Free(er) Trade on the rocks

So, according to several reports, including a quite comprehensive one from the Canadian Press, the Comprehensive Economic and Trade Agreement, as the Canada-EU free(er) trade deal is officially known, is just about dead ~ on life support, at best ~ while Wallonia, mapbelgma French speaking region of Belgium tries to extract further concessions, in part from Canada but largely, I think from the EU, itself. Paul Magnette, the Minister-President of the Belgian region of Wallonia, rather like a Canadian province, said thatWe made new significant progress, especially on the agriculture issues, but difficulties remain, specifically on the symbolic issue of arbitration, which is politically extremely important.” I think it’s important to understand that Wallonia is a stalking horse for a much, much larger, French led, protectionist (anti-globalization) movement that wants to shut the doors to global trade.  The movement is not uniquely French, by any means, it is just especially strong there .. it also exists in Canada and America and, indeed, anywhere where one group, farmers, for example, have traditionally enjoyed special protection from competition. Protection of farmers was, in fact, one of the driving forces behind creating the EIU in the first place and who can forget the “mountains of butter” and “lakes of milk?”

As it now stands the Canadians, led by our rookie, celebrity Trade Minister Chrystia Freeland, who seems quite upset in the video in the (linked, above) CBC article, have “walked out” of the negotiations. This is the right tactic for now, for this phase of the operation; Canada has done all it could, including having made concessions; now it is up to the EU to bring Wallonia onside and save this deal.

This deal, and the bigger US-EU trade deal which will, almost certainly die if CETA cannot be managed, are essential to the EU: they need North America more than we need it and Chancellor Merkel and President Hollande and all the others know that … somehow, Hollande et al need to placate their rabidly protectionist populations AND sign free(er) trade deals. As EU President Donald Tusk said Thursday, the EU must convince people that trade agreements, specifically this CETA, are in their interest, or, “I am afraid that CETA could be our last free trade agreement.” Free(er) trade is vital to Europe because, as The Telegraph reports, “The European Central Bank is becoming dangerously over-extended and the whole euro project is unworkable in its current form, the founding architect of the monetary union has warned … “One day, the house of cards will collapse,” said Professor Otmar Issing, the ECB’s first chief economist and a towering figure in the construction of the single currency.” Europe must grow its economies to increase its overall prosperity and most thinking Europeans understand that free(er) trade, with North America and with Asia, is they key to that.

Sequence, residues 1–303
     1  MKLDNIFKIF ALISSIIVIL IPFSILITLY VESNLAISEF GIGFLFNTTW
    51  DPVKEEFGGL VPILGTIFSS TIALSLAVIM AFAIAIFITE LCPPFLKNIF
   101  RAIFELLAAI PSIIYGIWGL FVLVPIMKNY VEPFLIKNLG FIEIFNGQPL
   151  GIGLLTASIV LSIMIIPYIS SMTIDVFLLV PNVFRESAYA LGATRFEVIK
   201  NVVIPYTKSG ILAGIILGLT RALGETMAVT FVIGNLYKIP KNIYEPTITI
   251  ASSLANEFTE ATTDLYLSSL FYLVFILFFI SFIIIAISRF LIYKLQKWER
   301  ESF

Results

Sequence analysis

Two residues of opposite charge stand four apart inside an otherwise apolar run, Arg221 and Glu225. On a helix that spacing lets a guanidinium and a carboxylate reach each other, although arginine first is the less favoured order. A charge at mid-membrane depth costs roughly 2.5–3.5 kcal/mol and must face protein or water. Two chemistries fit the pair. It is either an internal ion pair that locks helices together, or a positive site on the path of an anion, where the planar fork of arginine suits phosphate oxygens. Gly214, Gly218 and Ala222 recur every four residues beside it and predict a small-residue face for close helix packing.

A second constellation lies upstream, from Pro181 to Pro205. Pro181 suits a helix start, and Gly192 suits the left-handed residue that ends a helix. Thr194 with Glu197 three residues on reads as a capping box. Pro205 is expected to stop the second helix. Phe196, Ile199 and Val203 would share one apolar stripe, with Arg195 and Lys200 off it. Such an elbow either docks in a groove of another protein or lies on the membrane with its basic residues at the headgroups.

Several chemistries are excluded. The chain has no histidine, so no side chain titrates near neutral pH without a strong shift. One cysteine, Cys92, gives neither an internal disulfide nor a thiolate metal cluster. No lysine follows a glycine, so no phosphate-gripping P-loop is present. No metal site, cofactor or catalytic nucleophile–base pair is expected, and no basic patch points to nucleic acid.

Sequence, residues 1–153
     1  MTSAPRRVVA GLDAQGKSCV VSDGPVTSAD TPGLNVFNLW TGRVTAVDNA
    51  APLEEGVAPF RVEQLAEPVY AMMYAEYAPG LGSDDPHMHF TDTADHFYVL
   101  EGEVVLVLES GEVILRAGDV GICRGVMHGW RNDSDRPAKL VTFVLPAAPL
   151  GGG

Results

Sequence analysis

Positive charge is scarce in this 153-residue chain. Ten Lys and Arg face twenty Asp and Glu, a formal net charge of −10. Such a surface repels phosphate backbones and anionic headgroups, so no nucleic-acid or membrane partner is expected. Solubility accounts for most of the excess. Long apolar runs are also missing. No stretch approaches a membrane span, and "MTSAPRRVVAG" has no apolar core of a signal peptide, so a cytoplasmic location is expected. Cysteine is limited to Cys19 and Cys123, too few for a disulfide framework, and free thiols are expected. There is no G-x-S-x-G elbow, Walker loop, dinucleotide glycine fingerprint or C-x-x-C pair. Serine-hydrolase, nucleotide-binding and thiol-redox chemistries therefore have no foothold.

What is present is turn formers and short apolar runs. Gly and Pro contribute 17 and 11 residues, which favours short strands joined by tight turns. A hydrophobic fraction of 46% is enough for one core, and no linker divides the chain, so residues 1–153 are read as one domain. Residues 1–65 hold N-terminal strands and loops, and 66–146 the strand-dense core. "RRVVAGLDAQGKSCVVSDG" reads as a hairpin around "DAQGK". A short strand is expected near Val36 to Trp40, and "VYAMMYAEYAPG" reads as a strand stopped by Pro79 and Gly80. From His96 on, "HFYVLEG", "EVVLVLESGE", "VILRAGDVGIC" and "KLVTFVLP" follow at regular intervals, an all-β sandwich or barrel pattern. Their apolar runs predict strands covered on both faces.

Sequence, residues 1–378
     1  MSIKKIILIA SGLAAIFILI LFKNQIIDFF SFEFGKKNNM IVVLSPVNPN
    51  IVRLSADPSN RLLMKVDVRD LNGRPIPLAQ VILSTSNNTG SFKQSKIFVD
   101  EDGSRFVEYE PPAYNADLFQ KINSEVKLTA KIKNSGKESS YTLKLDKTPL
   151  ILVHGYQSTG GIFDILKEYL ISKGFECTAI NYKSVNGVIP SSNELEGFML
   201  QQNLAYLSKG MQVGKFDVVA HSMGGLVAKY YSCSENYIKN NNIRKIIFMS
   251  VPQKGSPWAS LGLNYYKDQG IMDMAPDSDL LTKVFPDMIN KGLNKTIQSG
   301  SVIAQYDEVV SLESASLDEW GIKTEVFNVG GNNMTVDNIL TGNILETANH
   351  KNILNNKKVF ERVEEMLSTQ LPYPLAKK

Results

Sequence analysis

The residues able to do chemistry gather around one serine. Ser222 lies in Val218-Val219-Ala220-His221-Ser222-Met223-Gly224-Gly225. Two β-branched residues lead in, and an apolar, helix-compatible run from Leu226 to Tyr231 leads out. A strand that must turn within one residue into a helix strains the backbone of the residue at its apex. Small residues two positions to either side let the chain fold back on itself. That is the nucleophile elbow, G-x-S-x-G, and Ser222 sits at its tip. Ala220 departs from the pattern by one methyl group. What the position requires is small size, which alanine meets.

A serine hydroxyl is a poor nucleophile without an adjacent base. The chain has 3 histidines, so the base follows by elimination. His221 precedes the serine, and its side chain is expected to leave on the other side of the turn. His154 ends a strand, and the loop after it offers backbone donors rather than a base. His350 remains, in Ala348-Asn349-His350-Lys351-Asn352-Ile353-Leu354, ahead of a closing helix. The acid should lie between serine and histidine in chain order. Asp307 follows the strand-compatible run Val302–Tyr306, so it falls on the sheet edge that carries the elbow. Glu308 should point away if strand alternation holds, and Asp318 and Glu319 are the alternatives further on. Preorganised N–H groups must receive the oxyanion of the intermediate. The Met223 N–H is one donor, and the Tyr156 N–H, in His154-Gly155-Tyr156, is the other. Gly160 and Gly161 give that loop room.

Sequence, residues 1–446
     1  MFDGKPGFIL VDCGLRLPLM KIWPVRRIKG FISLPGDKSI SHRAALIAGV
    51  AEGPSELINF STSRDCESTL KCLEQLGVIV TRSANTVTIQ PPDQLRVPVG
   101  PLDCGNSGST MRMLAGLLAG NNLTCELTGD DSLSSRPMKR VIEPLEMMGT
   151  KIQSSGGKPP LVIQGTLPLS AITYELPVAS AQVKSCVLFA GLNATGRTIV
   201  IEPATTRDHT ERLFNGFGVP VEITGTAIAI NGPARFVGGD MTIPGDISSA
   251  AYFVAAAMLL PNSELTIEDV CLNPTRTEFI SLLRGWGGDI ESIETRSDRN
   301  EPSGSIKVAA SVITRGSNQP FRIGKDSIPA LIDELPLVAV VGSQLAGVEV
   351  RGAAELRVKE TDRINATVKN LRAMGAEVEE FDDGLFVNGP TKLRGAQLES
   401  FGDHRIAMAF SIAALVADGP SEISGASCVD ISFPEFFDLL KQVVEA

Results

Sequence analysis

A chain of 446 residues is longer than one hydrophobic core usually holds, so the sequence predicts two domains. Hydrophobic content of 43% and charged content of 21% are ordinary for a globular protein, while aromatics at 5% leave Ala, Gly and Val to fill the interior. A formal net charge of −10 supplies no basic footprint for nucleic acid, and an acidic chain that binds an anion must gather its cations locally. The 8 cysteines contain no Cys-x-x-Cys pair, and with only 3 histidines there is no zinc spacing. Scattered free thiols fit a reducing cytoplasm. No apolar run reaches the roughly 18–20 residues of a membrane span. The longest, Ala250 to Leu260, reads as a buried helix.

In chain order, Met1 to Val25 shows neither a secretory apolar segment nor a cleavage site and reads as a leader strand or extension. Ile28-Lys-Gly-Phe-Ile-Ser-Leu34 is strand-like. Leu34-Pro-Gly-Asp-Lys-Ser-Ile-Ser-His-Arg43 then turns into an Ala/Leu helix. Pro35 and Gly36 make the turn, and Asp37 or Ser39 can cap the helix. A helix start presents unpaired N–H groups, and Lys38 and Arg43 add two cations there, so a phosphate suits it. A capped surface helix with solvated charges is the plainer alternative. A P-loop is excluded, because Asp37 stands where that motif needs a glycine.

The CETA will benefit Canada … but it is essential to save the EU.

So, for now, Canada watches from the sidelines as the EU gets its own house in order or contemplates self destruction. But, it is vital to understand that walking away is just a temporary tactic; the correct strategy is to push the CETA (and the TPP, and free)er) trade with China) through to completion, and I remain unconvinced that Minister Freeland is ready or able to do that.

2 thoughts on “Free(er) Trade on the rocks”

  1. The primary issue in my mind is the legitimacy of the negotiating team.

    The European Commission, led by Junker Juncker is only held to be legitimate by Martin Schulz’s European Parliament.

    The commonality of Europe doesn’t like, trust or support either institution. Some of the 28 national leaders do some of the time but they are always keeping one eye on the their domestic opposition and the other eye on the world beyond the EU. Countries that get lost in the EU have an international voice in NATO and in the UN.

    Add in all of the provinces like Flanders and Wallonia and you are trying to build bridges on soup.

    In 1521 the Holy Roman Empire had some 404 semi-autonomous polities. Napoleon, Bismark, Hitler and Adenauer may have come and gone but the people of Cologne have not.

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